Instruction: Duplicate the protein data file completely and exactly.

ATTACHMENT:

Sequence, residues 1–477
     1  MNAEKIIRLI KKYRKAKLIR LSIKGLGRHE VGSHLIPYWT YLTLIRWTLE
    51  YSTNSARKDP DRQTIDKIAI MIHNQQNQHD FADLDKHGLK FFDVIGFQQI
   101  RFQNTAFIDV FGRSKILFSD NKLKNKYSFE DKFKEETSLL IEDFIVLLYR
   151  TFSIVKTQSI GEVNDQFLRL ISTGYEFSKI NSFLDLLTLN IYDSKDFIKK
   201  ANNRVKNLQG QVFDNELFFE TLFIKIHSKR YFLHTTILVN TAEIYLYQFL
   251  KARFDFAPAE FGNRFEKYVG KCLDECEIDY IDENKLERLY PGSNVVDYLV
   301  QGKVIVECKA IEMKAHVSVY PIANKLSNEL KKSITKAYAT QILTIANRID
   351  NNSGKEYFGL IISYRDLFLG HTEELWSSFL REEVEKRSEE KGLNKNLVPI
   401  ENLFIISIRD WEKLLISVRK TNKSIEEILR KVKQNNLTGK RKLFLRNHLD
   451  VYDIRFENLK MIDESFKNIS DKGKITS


Sequence, residues 1–477
     1  MNAEKIIRLI KKYRKAKLIR LSIKGLGRHE VGSHLIPYWT YLTLIRWTLE
    51  YSTNSARKDP DRQTIDKIAI MIHNQQNQHD FADLDKHGLK FFDVIGFQQI
   101  RFQNTAFIDV FGRSKILFSD NKLKNKYSFE DKFKEETSLL IEDFIVLLYR
   151  TFSIVKTQSI GEVNDQFLRL ISTGYEFSKI NSFLDLLTLN IYDSKDFIKK
   201  ANNRVKNLQG QVFDNELFFE TLFIKIHSKR YFLHTTILVN TAEIYLYQFL
   251  KARFDFAPAE FGNRFEKYVG KCLDECEIDY IDENKLERLY PGSNVVDYLV
   301  QGKVIVECKA IEMKAHVSVY PIANKLSNEL KKSITKAYAT QILTIANRID
   351  NNSGKEYFGL IISYRDLFLG HTEELWSSFL REEVEKRSEE KGLNKNLVPI
   401  ENLFIISIRD WEKLLISVRK TNKSIEEILR KVKQNNLTGK RKLFLRNHLD
   451  VYDIRFENLK MIDESFKNIS DKGKITS